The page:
My godfather's name is Jim Swenson, and Uncle Jimmy died early in my life (sometime while in college or early in my career I believe). We met when we traveled to Minnesota in my childhood, but my age distanced me from real interaction with him, except early in my college years I when I went to visit. At that point, Jimmy, a saxophonist and a member of a Big Band from the Big Band era, sat in the basement with me and my cousin playing reel-to-reel tapes for the better part of a night as Jimmy expounded on the virtuosity of the music he was playing. Jimmy's voice had a sound that you expected from a jazz musician. I, too, had played a sax in a Big Band in high school, and our band won several awards. So, I had an appreciation for the music he played, his discussion, and his analysis of what made it great, as did my cousin.
During the recent family reunion though, I learned something of Jimmy that made me stop in my tracks, and it will you as well. Jimmy served in a tank crew in World War II, either as a commander of it or a driver, in (are you ready for this?) North Africa and Italy. If you know the war, you know the blood shed and outright devastation that occurred there, and American tank crews were particularly vulnerable (see the movie "Fury" for a realistic taste of that experience). The German tanks were, in a word, superior in every way to the American tanks with speed, firepower, and armor. That didn't stop our boys in the war from serving, but many met their end in that duty. Unfortunately our air power, which is supposed to run cover, wasn't much of a match for German air power either early in the war effort.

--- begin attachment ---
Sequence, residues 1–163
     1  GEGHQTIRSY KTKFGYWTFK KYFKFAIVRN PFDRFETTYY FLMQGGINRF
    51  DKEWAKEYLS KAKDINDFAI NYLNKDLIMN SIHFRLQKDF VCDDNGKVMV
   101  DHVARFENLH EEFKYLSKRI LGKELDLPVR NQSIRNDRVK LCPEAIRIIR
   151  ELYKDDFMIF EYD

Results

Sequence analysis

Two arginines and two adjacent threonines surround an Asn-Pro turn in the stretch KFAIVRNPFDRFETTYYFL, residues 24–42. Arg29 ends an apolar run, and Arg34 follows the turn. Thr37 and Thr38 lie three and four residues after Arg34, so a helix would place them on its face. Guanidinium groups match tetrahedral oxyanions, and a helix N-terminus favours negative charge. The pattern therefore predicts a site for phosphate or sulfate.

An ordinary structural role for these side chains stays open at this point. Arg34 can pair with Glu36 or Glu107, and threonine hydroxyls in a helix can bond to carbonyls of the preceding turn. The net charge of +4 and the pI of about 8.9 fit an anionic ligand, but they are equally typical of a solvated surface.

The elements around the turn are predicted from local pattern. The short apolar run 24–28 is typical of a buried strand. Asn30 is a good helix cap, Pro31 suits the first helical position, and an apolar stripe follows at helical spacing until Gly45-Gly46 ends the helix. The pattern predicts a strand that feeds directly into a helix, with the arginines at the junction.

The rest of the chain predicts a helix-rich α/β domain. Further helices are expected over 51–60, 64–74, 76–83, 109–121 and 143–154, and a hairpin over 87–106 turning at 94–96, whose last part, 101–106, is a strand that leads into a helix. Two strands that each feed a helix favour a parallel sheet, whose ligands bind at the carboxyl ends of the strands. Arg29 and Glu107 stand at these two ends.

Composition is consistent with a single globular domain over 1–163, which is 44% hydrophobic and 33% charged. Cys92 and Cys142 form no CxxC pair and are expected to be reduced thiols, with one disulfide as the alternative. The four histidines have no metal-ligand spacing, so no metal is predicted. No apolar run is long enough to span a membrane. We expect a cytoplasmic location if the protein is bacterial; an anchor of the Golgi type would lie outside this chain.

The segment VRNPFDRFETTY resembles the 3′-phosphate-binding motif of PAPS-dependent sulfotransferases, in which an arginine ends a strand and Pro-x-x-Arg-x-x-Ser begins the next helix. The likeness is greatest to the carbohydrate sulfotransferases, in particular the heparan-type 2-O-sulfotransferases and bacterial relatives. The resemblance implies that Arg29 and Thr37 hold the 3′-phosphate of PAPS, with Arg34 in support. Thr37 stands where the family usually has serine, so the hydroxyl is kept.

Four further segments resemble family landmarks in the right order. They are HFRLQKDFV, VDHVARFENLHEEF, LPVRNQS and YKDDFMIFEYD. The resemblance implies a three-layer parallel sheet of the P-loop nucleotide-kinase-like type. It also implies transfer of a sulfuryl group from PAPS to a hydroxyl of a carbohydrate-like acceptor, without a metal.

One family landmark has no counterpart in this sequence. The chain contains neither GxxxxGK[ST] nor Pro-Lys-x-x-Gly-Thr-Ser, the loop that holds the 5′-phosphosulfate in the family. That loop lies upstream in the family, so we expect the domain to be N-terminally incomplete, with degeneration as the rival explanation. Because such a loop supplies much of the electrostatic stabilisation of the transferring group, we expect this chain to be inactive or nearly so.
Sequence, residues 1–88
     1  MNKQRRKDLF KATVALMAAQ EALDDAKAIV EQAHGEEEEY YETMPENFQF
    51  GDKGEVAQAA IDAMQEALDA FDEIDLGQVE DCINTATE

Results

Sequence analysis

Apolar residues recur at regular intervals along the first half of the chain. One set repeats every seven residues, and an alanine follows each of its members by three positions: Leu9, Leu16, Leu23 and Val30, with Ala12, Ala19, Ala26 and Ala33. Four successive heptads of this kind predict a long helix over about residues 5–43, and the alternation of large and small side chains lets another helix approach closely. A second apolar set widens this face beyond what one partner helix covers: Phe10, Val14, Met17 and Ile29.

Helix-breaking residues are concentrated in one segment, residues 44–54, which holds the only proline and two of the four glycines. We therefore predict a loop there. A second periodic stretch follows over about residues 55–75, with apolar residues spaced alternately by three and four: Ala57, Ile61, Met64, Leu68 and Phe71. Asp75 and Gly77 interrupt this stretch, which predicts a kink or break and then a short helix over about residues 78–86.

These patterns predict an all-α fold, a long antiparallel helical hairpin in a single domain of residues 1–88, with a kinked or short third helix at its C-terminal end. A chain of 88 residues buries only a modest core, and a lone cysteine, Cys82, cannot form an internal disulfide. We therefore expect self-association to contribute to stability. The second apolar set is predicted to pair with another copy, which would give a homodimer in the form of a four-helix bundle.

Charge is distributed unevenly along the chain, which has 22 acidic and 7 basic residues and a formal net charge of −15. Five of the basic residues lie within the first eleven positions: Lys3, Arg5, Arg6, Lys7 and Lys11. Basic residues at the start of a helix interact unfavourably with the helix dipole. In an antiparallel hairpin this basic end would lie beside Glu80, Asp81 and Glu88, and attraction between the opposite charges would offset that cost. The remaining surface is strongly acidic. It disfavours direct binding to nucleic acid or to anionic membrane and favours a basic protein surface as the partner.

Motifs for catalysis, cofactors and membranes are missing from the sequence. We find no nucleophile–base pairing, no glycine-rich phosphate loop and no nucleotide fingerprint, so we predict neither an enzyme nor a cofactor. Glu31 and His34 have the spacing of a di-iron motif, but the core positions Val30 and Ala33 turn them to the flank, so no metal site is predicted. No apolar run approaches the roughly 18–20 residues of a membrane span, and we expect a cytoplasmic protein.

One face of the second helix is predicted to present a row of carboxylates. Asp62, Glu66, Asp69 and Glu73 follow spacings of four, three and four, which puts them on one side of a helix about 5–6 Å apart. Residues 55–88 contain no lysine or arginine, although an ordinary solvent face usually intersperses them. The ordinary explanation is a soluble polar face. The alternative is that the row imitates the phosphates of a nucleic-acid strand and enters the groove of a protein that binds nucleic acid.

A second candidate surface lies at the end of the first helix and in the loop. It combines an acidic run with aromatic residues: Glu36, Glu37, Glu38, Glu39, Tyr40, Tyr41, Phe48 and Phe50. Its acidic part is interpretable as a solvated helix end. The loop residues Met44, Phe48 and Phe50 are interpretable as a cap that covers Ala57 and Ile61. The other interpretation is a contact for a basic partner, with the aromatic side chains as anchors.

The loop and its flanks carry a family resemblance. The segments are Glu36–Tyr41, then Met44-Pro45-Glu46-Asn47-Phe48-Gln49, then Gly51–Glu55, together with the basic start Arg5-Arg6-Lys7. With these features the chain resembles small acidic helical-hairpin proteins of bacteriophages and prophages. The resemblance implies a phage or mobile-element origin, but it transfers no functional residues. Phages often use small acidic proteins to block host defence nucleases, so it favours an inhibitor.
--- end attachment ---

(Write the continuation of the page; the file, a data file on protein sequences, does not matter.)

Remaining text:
I told my cousin, when he mentioned that at the reunion, that he needed to see the movie "Fury." "It won't change your opinion of your father," I said "But it will change your perspective in a way." It's said Jimmy uttered nothing about the war when he returned, and he went on to marry my dad's sister (my godmother still living), have three children who all went into a medical field, and work as in management at Hormel. He lived a "normal" life. In truth, Jimmy was the glue of the group when it came together and could make everyone laugh as he talked and joked. I still get chills just thinking of what he saw, felt, and lived during his time in battle, and how that changed him as a man.
My dad, and most of my other uncles, served at that time. They all went in with assumed risks. My dad talked freely of his experience in the Pacific. I never really had the chance to talk to the others with the barrier of age and distance. I don't know what I'd ask if I had the chance or if I would just stay silent.
It took me to a simple verse in John 15: "Greater love has no one than this, that someone lay down his life for his friends." (v 13). I suppose I'd thank Jimmy if I had the chance. Perhaps we should, at all times, take that opportunity to thank someone for sacrificing of themselves in time, and maybe even thank their families for what they gave up, and potentially lost.
Hope Men's Ministry